In early 2019, the Ministry of Electricity and Energy (“MOEE”) announced that it would soon be calling a new round of international tenders for 18 onshore and 15 offshore oil and gas blocks expected to take place in early 2019. The tender round was subsequently delayed and is now anticipated to occur in Q3 or Q4 of 2019.
Complicating the backdrop to the new tender was the public release of a draft bill entitled “The Exploration Prospecting Development and Production of Petroleum Bill” (“Petroleum Bill”). This seeks to comprehensively reform Myanmar’s upstream petroleum sector. Much criticism has been leveled at the Petroleum Bill and no timeframe has been set for its adoption, thereby causing much uncertainty as to which regulatory regime will apply to the upstream petroleum sector during and after the new round of tenders.
Below we give a brief description of the current regulatory regime, a discussion on the proposed regulatory regime and DFDL’s predictions on how the regulatory regime is likely to govern the forthcoming bidding process.
Current regulatory regime
The regulatory regime governing the upstream petroleum sector consists of outdated laws based on British Legal Codes dating from the colonial era. Although a patchwork of laws have been promulgated since 1948, few have sought to comprehensively regulate this sector.
At present, the sector is almost entirely governed by administrative fiat and production sharing contracts (“PSCs”) entered into between interest-holders and the Myanma Oil and Gas Enterprise (“MOGE”), the state-owned enterprise responsible for all activities related to the upstream petroleum sector. The MOGE plays the dual role of both counterparty and de facto regulator. At present, all new PSCs are based off the 2012/2013 model PSC.
In these dual roles, the MOGE holds the responsibility for any amendments to the PSC as well the issuance/declining of numerous different approvals that interest-holders may require throughout the life of the project, such as farmouts, farm-ins, extensions, gas sales, transport and export etc.
The regulatory regime in its present form has served Myanmar’s upstream petroleum sector satisfactorily since the last bidding round. Nonetheless, the Myanmar government now proposes bringing regulation of this sector under the purview of the MOEE.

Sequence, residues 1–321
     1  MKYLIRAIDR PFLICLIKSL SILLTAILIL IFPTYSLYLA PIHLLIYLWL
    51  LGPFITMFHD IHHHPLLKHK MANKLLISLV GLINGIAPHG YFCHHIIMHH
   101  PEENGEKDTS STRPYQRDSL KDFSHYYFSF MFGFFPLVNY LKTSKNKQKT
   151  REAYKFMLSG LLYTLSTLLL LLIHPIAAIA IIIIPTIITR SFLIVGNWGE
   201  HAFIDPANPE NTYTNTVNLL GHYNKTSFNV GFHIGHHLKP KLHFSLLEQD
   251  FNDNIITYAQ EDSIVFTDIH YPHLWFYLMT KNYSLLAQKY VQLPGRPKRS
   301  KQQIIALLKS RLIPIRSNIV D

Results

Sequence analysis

Proposed regulatory regime
In late 2018, the Legal Drafting Committee of the Pyithu Hluttaw (Myanmar’s lower house of parliament) tabled the Petroleum Bill which seeks to comprehensively regulate the upstream petroleum sector. The Petroleum Bill touches on matters as various as the tender process for oil & gas blocks, labor issues, environmental issues, and occupational health & safety. It was the original intention of the Legal Drafting Committee and others that the Petroleum Bill would be promulgated in time for the 2019 tender round, although that now appears to be very unlikely.
The Petroleum Bill has introduced uncertainty and has been the target of much criticism from the public. The most far-reaching changes proposed by the Petroleum Bill includes a revision of the period structure presently used in PSCs, the reallocation of administrative and regulatory functions from the MOGE to MOEE, and a highly controversial tender procedure interposed before and after each different period.
Owing to significant criticism of this Petroleum Bill, the MOEE and relevant legal drafting committees are looking into revising the draft. It is our view that the Petroleum Bill will take many more years to finalize and will play no role in the 2019 tender.
Predictions for the 2019 Tender
As a result of the hiatus placed on the Petroleum Bill, the government of Myanmar will have to conduct the 2019 tender in line with the existing regulatory regime. We anticipate that the MOEE and MOGE will publish a set of tender rules in due course along with an updated and revised model PSC which will form the basis of selecting a successful bidder.
The revised model PSC is likely to include better financial terms than older model PSCs with a more favorable production sharing breakdown having been mooted by the MOGE as recently as January 2019.
As to the blocks will be up for tender, only four shallow water blocks are available, the tender is heavily skewed in favor of onshore and deepwater blocks.
The following blocks are expected to be put up for tender in 2019:
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This article does not constitute legal advice or a legal opinion on any matter discussed and, accordingly, it should not be relied upon. It should not be regarded as a comprehensive statement of the law and practice in this area. If you require any advice or information, please speak to practicing lawyer in your jurisdiction. No individual who is a member, partner, shareholder or consultant of, in or to any constituent part of Interstellar Group Pte. Ltd. accepts or assumes responsibility, or has any liability, to any person in respect of this article.